Skip to main content

Burlington CEO: Raising Prices ‘Backfired’

Weak selling in March at Burlington Stores Inc. plus a cautious second quarter projection means the off-price retailer will have to rely on a really strong back half to meet its reiterated full year sales and earnings guidance.

In a Nutshell: Burlington’s Q1 missed its own comparable sales growth projection, and adjusted diluted earnings per share (EPS) missed Wall Street’s estimates for the period.

CEO Michael O’Sullivan said the quarter “fell off in March” after a strong start. Until mid-March, comp growth was “running up double digits,” but lower tax refunds and cooler weather leading up to Easter curbed that trend, he told investors on a call. O’Sullivan pointed to a “nice pick-up in our trend since mid-April” that’s continued into May.

He believes sustained momentum could turn things around. Merchants are “ready and able to chase” sales, he said, noting that there’s “great merchandise coming into the off-price channel.”

Much depends on what happens with lower-income customers. “So it makes sense to manage our business cautiously and be ready to chase the stronger trend,” he said.

The CEO acknowledged that charging higher prices last year was a mistake that “backfired.” With many of Burlington’s customers struggling to make ends meet, asking them to pay more when rivals were rolling out promotions wasn’t the best move.

Related Stories

The off-price retailer seems to be seeing “early evidence of a trade-down customer in our stores,” according to the CEO, who said locations in higher-income areas are “outperforming the rest of the chain.”

Burlington is starting to deploy its Merchandising 2.0 strategy aimed at better responding to trends.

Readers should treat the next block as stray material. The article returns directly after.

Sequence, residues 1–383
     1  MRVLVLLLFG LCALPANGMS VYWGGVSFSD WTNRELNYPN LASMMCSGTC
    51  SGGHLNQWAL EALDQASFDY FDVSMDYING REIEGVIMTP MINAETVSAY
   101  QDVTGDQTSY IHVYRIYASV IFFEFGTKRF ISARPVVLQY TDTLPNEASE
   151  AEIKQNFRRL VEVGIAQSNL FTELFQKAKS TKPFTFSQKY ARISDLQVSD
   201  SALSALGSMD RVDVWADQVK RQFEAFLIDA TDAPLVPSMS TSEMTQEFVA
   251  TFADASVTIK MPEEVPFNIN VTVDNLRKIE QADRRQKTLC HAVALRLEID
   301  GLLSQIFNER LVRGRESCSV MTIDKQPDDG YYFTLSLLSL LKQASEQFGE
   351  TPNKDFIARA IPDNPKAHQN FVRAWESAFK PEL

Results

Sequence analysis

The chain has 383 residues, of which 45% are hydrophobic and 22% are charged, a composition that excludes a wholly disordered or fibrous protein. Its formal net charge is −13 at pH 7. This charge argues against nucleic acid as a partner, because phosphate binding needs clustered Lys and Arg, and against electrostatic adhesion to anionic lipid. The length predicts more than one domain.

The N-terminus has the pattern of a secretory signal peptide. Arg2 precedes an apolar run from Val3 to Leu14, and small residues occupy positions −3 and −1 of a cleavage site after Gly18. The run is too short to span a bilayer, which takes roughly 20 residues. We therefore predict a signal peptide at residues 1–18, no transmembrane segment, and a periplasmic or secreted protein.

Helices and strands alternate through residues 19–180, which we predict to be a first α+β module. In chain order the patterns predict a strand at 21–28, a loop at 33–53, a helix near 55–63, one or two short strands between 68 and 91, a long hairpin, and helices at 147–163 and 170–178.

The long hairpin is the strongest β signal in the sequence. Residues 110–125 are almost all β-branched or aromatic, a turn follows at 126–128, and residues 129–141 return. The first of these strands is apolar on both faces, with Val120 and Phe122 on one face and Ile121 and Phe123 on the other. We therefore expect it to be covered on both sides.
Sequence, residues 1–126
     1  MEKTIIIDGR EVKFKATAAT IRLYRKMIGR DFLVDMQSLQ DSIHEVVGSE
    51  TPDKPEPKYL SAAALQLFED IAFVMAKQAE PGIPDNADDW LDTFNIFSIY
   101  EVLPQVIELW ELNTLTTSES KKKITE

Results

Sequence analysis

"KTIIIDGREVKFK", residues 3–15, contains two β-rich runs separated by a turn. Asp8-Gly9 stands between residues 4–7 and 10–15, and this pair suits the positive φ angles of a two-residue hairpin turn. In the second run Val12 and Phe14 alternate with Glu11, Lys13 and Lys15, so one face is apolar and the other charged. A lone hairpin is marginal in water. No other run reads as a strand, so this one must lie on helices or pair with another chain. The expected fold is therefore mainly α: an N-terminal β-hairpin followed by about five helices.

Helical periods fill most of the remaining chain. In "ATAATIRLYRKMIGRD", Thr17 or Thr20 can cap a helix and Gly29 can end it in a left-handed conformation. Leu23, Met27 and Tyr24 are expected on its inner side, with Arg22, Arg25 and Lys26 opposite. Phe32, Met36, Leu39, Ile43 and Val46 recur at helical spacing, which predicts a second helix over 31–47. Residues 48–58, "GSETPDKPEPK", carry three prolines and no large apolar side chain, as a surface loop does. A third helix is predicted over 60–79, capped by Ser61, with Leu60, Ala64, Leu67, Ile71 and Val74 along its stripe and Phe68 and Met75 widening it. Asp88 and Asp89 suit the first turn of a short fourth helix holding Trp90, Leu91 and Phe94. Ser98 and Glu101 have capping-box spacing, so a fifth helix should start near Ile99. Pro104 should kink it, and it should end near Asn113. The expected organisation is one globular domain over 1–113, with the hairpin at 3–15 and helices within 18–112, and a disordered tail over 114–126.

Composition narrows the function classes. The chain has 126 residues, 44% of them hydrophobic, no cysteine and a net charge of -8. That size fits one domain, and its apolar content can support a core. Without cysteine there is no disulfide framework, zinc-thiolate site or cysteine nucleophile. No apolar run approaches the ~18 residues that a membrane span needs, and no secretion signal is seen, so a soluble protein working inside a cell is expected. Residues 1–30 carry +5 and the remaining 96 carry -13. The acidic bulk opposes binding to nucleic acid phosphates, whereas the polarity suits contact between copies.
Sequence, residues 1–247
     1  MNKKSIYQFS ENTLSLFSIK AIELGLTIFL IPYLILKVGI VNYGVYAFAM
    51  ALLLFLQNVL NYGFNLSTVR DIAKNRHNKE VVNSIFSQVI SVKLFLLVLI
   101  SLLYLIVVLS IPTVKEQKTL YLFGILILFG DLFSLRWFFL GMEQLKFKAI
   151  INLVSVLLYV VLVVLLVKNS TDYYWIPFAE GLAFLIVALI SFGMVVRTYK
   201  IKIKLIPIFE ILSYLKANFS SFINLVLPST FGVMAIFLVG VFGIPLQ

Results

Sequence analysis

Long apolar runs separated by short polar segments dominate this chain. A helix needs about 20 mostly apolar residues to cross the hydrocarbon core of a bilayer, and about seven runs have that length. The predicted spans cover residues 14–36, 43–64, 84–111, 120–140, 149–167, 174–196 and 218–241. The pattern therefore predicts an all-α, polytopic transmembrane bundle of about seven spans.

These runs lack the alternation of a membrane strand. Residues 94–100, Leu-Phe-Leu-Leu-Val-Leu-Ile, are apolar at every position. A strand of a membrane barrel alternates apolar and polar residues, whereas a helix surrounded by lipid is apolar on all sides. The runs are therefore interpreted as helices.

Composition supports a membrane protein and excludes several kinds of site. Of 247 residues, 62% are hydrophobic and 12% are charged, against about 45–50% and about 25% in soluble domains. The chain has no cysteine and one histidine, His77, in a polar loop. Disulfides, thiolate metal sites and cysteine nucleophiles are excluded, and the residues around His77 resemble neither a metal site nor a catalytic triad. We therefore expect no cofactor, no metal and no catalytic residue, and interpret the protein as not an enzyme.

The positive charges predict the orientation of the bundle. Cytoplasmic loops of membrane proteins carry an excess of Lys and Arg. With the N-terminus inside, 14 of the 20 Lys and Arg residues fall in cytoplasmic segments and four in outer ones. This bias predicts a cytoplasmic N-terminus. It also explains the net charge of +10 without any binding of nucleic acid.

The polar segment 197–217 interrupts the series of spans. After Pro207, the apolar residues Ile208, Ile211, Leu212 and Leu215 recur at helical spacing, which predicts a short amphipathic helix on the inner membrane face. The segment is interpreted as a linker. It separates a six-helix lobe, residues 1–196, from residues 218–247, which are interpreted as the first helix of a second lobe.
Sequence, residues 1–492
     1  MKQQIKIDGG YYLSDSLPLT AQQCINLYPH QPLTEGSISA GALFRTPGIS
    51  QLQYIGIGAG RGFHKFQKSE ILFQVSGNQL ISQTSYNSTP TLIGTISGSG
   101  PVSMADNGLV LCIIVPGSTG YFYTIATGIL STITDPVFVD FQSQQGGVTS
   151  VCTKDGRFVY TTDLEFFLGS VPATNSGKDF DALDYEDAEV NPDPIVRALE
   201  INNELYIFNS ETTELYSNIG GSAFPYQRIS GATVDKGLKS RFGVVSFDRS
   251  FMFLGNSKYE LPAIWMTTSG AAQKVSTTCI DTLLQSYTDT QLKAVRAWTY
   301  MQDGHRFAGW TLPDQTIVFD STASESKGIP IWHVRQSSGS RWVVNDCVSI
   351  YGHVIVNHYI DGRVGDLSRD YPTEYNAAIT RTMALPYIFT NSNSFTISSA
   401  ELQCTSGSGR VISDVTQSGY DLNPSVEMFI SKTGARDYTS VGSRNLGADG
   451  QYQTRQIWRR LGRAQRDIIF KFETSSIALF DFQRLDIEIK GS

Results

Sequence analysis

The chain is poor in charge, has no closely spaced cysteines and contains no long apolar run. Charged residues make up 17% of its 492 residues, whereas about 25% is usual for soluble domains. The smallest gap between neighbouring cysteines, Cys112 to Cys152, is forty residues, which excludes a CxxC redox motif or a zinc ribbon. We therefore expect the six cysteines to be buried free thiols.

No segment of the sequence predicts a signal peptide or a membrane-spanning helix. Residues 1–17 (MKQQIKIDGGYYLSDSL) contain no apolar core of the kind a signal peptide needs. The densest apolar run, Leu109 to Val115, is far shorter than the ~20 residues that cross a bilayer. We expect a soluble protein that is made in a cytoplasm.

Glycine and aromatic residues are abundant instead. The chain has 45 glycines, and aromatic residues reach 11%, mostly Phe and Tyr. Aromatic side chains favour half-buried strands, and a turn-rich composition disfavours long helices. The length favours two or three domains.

At the end of the quarter, inventories were down 2 percent to $1.23 billion. Reserve inventory was 44 percent of total inventory at the end of the first quarter versus 50 percent a year ago.

The gross margin rate was 42.3 percent, up from 41 percent a year ago. Lower freight costs offset a slight decline in merchandise margins from higher markdowns.

The company opened six net new stores, bringing the total store count to 933 doors. That includes 13 new store openings and seven stores it relocated or closed. O’Sullivan said Burlington is on track to open 90 to 100 new stores this year.

Net Sales: For the three months ended April 29, net sales were up 10.8 percent to $2.13 billion from $1.93 billion. Comparable store sales rose 4 percent from year-ago levels, below the company’s guidance for a gain of 5 to 7 percent. However, comps on a three-year stack were up 3 percent from 2019 levels.

Earnings: Net income more than doubled in the quarter to $32.7 million, or 50 cents a diluted share, from $16.2 million, or 24 cents, in the same year-ago period. On an adjusted basis, EPS was 84 cents for the quarter.

Wall Street was expecting an adjusted diluted EPS of 92 cents on revenue of $2.17 billion.

For the second quarter ending July 29, 2023, Burlington forecasted sales to rise in the range of 8 to 10 percent, with comparable store sales up 2 to 4 percent versus year-ago levels. Adjusted EPS was guided to the range of 35 cents to 45 cents.

For the full year ending Feb. 3, 2024, total sales are expected to be up 12 to 14 percent, with comparable store sales up 3 to 5 percent. The fiscal year includes a 53rd week. Adjusted EPS was guided to the range of $5.50 to $6.00. The company expects to open 70 to 80 net new stores during the year.

CEO’s Take: “We feel very good about our underlying strategies and our focus on delivering strong value to our customers, and we are encouraged by the recent trend that we have seen in our business,” O’Sullivan said. “We are being cautious in how we are planning Q2, but we are ready to chase if the sales trend turns out to be stronger than guidance.”